Once, in the sixth or seventh grade, my father took me to a high school football game. We stood in the end zone watching the last gasp of another gridiron tragedy for the Myrtle Beach Seahawks, chronic underdogs in those days. I remember Angus Witchen running for the end zone corner. He came straight at us, my father pulling me backward to avoid interfering. Angus turned to catch a pass that never arrived. But the size of him in shoulder pads, the height of his helmet glinting under the stadium lights as he came to a halt.
He planted his right foot in the soft earth there, leaving a deep depression in the sand, with deeper indentions of the heavy cleats in the bottom of a hightop football boot. I had never seen a footprint that big before, like the gash of a bulldozer blade.
Fifty years later, he rested on a barstool at Cagney’s. An oxygen tank stood at his feet, a clear plastic tube led from the tank to his nostrils. Each breath was a gift from beyond. He had been 82 days in a medically induced coma. He had been to the edge of the great mystery and come back. His mind seemed clear, the grip of his hand steady. I imagined him listening to the sound of his own heart, practiced in the experience of that listening, when the one sound that has any significance in this world, nobody else can hear.
At Cagney’s, it had been thirty-six years since the doors opened. Now we were here to close the joint. Around Angus and me, the crowd was beginning to thin. The music wafting over the dance floor was a lot the same as that we grew up with, rhythm and blues, transporting memories like falling leaves in a garden; roses of yesteryear blooming on Friday night in a beach town. The girls, pressed between the pages of grandmotherhood, danced with beach boys aged in the game, enough sand in our shoes to fill a big box scattered with living dolls and lifeguard whistles.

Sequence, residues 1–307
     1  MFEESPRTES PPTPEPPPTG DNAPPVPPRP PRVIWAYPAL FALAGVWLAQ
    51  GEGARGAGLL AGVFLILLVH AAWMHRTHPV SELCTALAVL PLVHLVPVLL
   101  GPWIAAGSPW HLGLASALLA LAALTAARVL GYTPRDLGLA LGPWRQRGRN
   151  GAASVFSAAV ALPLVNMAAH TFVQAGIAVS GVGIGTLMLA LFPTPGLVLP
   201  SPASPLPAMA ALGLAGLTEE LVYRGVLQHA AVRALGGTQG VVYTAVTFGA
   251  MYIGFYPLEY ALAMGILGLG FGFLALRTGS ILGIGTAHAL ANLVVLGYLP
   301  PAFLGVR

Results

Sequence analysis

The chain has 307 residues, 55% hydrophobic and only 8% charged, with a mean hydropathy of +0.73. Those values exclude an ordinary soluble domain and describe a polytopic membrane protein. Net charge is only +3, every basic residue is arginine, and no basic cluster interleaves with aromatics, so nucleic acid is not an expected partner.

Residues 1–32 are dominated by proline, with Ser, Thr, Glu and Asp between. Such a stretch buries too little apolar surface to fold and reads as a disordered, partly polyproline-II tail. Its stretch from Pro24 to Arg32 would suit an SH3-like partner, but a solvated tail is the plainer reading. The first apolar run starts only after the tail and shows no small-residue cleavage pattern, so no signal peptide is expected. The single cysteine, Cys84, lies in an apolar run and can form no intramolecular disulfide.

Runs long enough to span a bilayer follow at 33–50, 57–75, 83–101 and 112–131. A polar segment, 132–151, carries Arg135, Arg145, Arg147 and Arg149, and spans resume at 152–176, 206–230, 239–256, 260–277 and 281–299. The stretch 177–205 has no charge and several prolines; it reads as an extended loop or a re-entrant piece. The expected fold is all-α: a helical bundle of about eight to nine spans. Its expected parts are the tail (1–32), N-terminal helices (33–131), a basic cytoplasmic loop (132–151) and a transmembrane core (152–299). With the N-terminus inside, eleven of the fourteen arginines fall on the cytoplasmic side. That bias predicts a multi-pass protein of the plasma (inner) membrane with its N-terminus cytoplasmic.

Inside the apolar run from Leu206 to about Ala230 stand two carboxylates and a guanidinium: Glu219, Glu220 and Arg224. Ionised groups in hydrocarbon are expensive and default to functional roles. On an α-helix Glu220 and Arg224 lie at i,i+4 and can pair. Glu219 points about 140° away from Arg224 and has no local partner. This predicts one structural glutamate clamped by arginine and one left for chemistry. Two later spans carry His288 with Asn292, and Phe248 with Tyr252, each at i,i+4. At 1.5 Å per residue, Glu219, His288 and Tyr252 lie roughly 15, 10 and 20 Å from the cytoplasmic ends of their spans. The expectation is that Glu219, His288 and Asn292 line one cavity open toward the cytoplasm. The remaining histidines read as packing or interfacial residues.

“You’re looking good, Angus,” I said.
The last time I had seen him, at a reunion lunch a month ago, I had avoided speaking to him, not wanting to come so close as I was now to the mystery, the proximity of death too, but also and more, the sweetness of each breath of life. It seems to take about as much courage to taste one as it does to face the other.
“The last time I saw you, you looked like shit,” I said.
He took another sip of oxygen and grinned. His eyes looked through me, as though I were air. He seemed not to hear even the sound of his own voice telling me how it happened— how he had come to that place of interior silence, where listening began. In the telling, his eyes shown like candles in a sudden cessation of wind, not bright, but glowing and steadfast, in the eye of a personal hurricane.
He had been playing golf, when the wind picked up. A game began for all the marbles. He felt short of breath. He didn’t think anything of it. The next thing he knew, he was running into the teeth of a cyclone. The next breath he would take, and the one after that, were miracles he might experience or might not.
He had come to that circumstance we are all headed for and always think it is farther ahead than it turns out to be. Caught in a breeze that blows to infinity. Most of us don’t face the wind ‘till it threatens to snatch the rig right off the boat. Angus was no longer troubled by the fear and anticipation of heavy weather before it starts. In the eye of the storm, there was a feeling of calm just to stand next to him.
I thought to tell him about the footprint he had left in my childhood. I have carried it with me—that impression of manhood I desired to rise to under stadium lights.
When all there is to being a champion is to surrender to breathing—one breath at a time—listen to the sound of your own heart beating, and know that that will be silent too. Forever. Face the wind, and freedom arrives. No more trivial conversation.